Norwegians power Welsh windfarm development
Norwegian utility Statkraft AS and its partner have won a wind power licence in Britain and plan to build a wind farm in Wales within two years, the state-owned company said on Thursday. The firms plan to build the Blaengwen Wind Farm on a range of hills north of the town of Carmarthen in South Wales, about 20 km (12 miles) inland off the west coast.
“The wind farm will consist of 10 wind turbines and a licence has been granted for a total generating capacity of up to 30 MW. The wind farm could be ready within two years,” Statkraft said in a statement.Catamount Cymru Cyf, a 50-50 joint venture between Statkraft and American Catamount Energy Corporation, will own the Blaengwen Wind Farm. Statkraft said the two companies have also applied for licences for a further three wind farms in Britain.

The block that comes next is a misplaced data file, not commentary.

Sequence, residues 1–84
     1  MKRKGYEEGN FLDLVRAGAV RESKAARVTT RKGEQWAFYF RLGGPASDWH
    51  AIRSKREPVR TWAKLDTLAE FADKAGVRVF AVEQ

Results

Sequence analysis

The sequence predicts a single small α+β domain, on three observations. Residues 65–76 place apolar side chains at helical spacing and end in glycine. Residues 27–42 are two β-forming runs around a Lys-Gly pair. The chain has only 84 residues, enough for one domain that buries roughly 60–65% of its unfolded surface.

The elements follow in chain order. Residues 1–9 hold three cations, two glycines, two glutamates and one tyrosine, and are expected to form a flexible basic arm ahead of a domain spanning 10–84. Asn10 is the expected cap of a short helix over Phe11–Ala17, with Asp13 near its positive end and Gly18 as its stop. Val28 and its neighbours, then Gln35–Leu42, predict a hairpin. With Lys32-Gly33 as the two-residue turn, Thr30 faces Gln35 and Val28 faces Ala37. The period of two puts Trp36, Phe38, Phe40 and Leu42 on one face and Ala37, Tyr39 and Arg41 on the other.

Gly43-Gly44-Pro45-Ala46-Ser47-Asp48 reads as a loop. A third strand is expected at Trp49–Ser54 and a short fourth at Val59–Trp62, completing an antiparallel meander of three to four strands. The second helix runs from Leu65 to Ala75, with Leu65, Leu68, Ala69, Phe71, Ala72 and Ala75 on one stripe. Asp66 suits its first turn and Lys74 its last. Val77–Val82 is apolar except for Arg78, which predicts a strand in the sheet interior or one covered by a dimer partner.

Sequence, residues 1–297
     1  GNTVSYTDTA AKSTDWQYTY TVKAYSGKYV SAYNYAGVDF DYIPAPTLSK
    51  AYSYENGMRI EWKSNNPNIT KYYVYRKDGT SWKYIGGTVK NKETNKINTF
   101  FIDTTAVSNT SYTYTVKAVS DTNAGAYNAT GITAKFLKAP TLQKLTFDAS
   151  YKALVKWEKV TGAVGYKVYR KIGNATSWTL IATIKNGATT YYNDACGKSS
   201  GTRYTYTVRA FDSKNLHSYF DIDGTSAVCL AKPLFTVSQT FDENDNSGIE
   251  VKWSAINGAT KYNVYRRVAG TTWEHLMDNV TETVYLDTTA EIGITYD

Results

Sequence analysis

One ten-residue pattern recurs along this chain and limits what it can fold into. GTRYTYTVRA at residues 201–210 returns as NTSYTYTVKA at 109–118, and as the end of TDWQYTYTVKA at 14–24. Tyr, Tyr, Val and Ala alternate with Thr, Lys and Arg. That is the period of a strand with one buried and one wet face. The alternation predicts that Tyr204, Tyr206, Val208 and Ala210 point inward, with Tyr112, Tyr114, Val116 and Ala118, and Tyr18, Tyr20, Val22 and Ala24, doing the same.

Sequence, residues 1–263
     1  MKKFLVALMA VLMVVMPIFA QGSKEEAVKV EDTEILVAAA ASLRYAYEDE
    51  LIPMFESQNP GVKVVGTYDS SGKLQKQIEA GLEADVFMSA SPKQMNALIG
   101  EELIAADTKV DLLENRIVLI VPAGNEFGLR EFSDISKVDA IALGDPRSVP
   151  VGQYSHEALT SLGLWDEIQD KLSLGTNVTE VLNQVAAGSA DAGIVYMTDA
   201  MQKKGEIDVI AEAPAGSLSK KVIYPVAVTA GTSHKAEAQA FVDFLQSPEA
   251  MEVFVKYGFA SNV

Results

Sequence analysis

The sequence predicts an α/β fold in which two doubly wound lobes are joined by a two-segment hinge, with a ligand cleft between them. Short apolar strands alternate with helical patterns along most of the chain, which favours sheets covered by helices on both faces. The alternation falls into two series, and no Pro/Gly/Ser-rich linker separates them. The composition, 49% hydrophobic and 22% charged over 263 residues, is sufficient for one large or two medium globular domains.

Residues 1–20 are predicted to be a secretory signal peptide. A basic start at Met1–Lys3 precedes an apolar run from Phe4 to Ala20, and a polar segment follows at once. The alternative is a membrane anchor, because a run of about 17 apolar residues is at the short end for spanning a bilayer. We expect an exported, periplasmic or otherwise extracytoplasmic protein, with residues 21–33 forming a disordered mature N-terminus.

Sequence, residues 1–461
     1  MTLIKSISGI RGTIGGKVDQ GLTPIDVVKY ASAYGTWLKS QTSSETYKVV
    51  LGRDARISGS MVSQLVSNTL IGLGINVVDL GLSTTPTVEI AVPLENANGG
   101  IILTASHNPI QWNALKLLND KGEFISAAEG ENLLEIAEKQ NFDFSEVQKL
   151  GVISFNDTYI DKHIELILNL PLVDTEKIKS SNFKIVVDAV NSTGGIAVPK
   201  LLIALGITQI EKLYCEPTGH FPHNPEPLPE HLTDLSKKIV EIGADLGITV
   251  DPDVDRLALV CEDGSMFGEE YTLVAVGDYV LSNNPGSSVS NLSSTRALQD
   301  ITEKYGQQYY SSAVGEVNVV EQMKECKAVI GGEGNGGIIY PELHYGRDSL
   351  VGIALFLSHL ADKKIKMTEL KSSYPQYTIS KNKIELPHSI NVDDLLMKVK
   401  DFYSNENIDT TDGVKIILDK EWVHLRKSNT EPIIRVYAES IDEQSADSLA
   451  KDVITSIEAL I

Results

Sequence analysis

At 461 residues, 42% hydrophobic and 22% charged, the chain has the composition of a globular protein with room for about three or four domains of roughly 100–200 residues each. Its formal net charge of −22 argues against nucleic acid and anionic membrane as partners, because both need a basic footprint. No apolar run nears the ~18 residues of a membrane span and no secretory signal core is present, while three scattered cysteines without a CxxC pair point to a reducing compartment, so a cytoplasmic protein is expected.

This licence will allow for wind turbines up to 110.5 metres high, measured from the ground to the turbine’s highest point.
“There are two fundamental reasons for us investing so heavily in wind power in the UK — there are good wind conditions here and also the best financial incentive schemes in Northern Europe today,” Statkraft Vice President Ingelise Arntsen said in a statement.
Statkraft has three wind farms in Norway and is one of Europe’s largest renewable energy utilities because of its numerous hydropower plants.